Imagine looking down at a wide expansive river and rather than seeing a typical transparent surface, you see a writhing field of red. This spectacular scene is all yours to experience when you attend the Salute to the Sockeye Festival from September 29 to October 21, 2018. Tens of thousands of salmon will be putting on a show like no other! This exciting event takes place in Roderick Haig-Brown Provincial Park. This park encompasses both sides of the Adams River, between Adams Lake and Shuswap Lake.
There is a small entrance fee for this festival, to offset operating costs and contribute to the Legacy Fund which provides financial support to Shuswap community groups that focus on stewardship activities.
While attending the Salute to the Sockeye Festival, be sure to check out the various onsite food vendors and artisan booths. Menu choices include hot dogs, pizza, as well as unique items such as wild salmon bannock burgers. Pick up a special souvenir to remind you of the time you were witness to the awesomeness of nature. There will also be the opportunity to learn more about salmon by taking in the Environmental Interpretation program.
Stars of the Show
With your camera at the ready, keep your eyes open for three of the four species of Pacific salmon that will be spawning in the Adams river this year. Look for Chinook, Sockeye, and Coho. The Pink Salmon, the fourth species that typically spawns in the Adams river, is not expected to return until 2019.
Every year, Chinook and Sockeye make the journey back to the river. Chinook make an appearance from September through Mid-October every year. They are the largest salmon to spawn in the Adams River. Look for the large dark shadows that lurk in the deep, swift moving parts of the river.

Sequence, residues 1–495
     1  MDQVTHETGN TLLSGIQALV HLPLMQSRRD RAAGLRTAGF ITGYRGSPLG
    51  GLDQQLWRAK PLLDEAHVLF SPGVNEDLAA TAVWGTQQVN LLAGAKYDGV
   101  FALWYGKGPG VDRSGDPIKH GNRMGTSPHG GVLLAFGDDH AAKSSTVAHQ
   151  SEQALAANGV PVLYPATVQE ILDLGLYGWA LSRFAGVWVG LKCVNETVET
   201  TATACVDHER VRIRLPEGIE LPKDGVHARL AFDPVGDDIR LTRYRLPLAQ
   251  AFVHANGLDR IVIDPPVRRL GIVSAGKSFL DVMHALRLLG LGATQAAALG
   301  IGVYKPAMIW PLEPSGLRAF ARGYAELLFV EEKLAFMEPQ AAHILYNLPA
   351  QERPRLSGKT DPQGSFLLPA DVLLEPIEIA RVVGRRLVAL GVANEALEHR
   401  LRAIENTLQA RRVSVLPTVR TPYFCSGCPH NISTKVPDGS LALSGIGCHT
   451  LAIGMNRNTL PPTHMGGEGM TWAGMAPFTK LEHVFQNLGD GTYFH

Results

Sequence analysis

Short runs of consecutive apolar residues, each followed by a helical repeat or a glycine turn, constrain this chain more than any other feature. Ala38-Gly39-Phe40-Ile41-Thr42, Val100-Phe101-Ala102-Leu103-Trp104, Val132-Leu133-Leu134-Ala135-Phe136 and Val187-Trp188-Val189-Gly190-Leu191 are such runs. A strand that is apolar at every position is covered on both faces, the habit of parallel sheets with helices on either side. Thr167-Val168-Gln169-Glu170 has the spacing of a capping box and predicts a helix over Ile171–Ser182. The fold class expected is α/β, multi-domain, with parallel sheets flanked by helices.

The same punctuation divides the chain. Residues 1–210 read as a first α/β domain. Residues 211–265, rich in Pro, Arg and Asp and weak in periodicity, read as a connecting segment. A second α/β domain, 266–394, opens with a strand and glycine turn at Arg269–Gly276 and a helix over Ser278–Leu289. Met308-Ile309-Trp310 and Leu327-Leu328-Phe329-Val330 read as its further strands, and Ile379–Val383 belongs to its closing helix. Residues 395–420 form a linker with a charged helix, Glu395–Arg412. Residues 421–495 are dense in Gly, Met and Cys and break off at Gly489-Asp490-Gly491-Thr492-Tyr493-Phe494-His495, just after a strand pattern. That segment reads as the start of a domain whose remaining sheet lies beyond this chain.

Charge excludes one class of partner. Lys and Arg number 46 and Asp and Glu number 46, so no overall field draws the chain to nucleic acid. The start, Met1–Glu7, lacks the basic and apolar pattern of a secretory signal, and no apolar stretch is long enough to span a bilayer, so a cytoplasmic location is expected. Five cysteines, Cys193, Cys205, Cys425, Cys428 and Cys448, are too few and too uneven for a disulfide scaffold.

Sockeye Salmon are typically seen from late September through early November. This year is a dominant run year for these colourful fish. Look for the bright red swimmers with the green heads, usually spawning in medium depth and swift moving water.
The Coho Salmon are here from late October through December every year. These solid red coloured river dwellers look smaller and leaner than their cousins. These swimmers can typically be found in slightly deeper, swift moving water.
Adams Lake is the 24th deepest lake in the world. It is approximately 72 km (45 mi) in length and begins from several unnamed glaciers 2,000 metres (6,600 ft) in height in the north-east region of the Monashee Range of the Columbia Mountains.
This is the land of the Secwepemc people, who’ve inhabited the Adams River Valley for thousands of years. Evidence of habitation dates back to 2000 BCE. The salmon run was an important source of food and trade material for First Nations people in the area.
The entrance to the park is 5 km (3.1 miles) from Squilax, on the Squilax-Anglemont Highway. Turn off Hwy 1 and head north on Squilax-Anglemont Road for approximately 5.4 km (3.4 miles) Nearby communities include Scotch Creek, Sorrento, Salmon Arm, Kamloops, and Chase.